Clear Decisions

In January of 2003 I was an almost 20 year old sophomore in college. I attended Southern Utah University as a Music Education major. I lived with five other amazing ladies, one of whom was my high school BFF and for one miraculous year the six of us girls never had one squabble or any drama–ever!

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That winter I attended a church sponsored (Institute) dance. A boy asked me to dance, which led to a date, which led to a friendship and eventually an introduction to his cousin. His cousin was charming, charismatic, hilarious, handsome and I fell for him quickly. We dated off and on through the summer and by the end of August were engaged with a wedding date for that coming November. I was feeling apprehensive about knowing if this man was really “the one,” and my dad offered to give me a priesthood blessing. In the blessing I was given the promise that I’d know clearly the decision I was supposed to make. Since “clear” is far from my mental state when I thought about my decision to marry, I was left feeling more confused and doubtful than ever. However, I decided to carry on with the engagement, trusting in the promise that at some point I’d feel clear about my decision.

The clarity did eventually come at the beginning of November, just weeks before our wedding date, but not in the way that I expected. Due to a series of events, it became evident that I should call off the engagement. In fact, I had so much confidence in the decision that I (wrongly) assumed my fiance felt the same way. In hindsight, I probably could have handled that conversation with more sensitivity however, I had no hesitation. It was clear to me what needed to be done.

In the five years following my broken engagement, I obtained a college degree, served an 18 month religious mission and began a full-time teaching career. Those years were also filled with more relationships which left me discouraged and disenchanted with dating. In June 2008 I was set up on a blind date by my dear friend and former missionary companion, Elizabeth. She and her husband (then fiance) Brady, introduced me to a smart, handsome, quietly witty computer programmer named Derek. While grateful to my friends for setting me up with someone new, I didn’t expect much to come from it.

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Derek surprised me at every turn, however, and despite the fact that I spent the summer traveling, he managed to win me over pretty quickly. After he suffered a water-skiing injury in August, (and perhaps with a little help from the Florence Nightingale effect) he brought up the idea of marriage and I agreed. We chose a date in November, five years later, almost to the day, than my previous marriage date had been set.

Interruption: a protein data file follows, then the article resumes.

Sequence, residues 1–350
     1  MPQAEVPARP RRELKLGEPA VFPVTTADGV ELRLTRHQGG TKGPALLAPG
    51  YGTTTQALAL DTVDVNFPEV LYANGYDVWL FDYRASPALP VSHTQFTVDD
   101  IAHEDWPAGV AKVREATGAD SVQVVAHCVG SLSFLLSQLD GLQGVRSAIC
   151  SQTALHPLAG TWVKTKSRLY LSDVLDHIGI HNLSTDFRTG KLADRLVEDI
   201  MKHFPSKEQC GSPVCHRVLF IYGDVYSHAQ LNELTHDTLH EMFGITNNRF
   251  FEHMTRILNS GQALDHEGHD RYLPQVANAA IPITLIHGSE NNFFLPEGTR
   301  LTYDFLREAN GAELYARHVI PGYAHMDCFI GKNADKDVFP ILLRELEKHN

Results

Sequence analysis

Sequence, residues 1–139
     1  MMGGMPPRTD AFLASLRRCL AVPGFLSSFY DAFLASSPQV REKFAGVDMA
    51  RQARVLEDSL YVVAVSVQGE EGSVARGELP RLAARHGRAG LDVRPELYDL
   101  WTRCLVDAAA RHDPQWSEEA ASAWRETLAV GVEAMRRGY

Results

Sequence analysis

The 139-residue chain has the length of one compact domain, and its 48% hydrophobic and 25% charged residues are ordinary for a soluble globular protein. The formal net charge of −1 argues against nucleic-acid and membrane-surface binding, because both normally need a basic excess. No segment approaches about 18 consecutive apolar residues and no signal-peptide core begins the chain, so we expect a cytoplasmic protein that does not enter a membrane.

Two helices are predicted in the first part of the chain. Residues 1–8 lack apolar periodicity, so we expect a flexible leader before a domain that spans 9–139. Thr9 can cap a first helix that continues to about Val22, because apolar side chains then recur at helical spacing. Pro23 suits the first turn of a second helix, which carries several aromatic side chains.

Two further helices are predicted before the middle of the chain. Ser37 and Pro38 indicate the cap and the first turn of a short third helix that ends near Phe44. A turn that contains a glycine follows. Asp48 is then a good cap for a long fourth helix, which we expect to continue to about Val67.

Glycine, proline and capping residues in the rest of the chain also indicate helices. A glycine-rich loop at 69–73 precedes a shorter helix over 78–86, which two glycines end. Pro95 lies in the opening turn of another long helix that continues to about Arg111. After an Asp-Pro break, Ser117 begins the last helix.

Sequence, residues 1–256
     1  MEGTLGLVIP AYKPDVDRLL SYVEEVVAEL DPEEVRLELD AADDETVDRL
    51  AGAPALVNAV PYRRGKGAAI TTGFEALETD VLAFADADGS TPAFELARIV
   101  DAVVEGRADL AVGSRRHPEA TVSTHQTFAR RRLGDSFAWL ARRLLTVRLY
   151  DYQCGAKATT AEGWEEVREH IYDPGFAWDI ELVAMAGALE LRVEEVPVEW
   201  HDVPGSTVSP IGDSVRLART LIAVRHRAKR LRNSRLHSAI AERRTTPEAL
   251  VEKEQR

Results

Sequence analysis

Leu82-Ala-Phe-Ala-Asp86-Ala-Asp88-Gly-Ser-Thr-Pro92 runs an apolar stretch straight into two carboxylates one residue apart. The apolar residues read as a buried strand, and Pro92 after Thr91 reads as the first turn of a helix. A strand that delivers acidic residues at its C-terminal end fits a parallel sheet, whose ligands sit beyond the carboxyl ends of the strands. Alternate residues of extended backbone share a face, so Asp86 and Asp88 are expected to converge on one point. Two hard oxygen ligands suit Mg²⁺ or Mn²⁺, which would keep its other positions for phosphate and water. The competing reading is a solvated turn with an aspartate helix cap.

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Again, I was apprehensive, not having known Derek for long. At the time I was a worker in the temple and I often thought of Derek as I recited the words of the ordinances for the patrons. His face would come to mind as I thought of promises made to couples and by couples in the temple but I still wasn’t sure of myself. I was afraid of repeating my past misjudgments. One night at the temple, I was able to be in a work position that allowed me to sit quietly and think. I was talking over the situation in my mind with God and I suddenly had a incredible feeling overwhelm me. It was nothing like I had ever felt before and I haven’t felt it since. When it faded, I remembered the promise I’d been given years earlier that I’d know clearly the right decision when it came time to marry.

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I never hesitated about my decision again after that experience. I believe that God confirmed my choice to marry Derek and I was able to move forward with confidence. We were married Friday, November 21, 2008 in the Salt Lake City Temple.

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It was almost eight years later when Derek told me about his changing beliefs and I discovered that everything wasn’t exactly as I thought it to be. I was surprised and saddened to learn that our faith experiences were so different and I was afraid our differences would take us on diverging paths. As we started the process of getting to know each other again spiritually, that fear was frequently near the surface. Ultimately it was time and a rebuilding of trust that would dispel the fear completely but, especially in the beginning, I would look to the singular experience I’d had in the temple for comfort. I remembered the peace and clarity of mind that came as I considered a life with Derek and I had hope for our future.

Today when pain, insecurities and doubt about my marriage sneak in, I have many experiences that I can draw on for strength and comfort. My two engagements, however, continue to be an anchor point in my faith and in my commitment to my marriage. I learned to listen to the Lord and allow Him to guide me to unexpected places. I feel confident that my marriage to Derek has God’s approval and is worth any effort to make it last.

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